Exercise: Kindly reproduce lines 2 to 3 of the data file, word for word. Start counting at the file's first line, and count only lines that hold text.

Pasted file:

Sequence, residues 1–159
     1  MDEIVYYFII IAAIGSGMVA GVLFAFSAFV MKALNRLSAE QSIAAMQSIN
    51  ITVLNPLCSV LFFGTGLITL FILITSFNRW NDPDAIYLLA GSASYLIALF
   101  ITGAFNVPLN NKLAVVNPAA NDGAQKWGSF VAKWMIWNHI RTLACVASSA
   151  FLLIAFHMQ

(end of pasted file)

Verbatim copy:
     1  MDEIVYYFII IAAIGSGMVA GVLFAFSAFV MKALNRLSAE QSIAAMQSIN
    51  ITVLNPLCSV LFFGTGLITL FILITSFNRW NDPDAIYLLA GSASYLIALF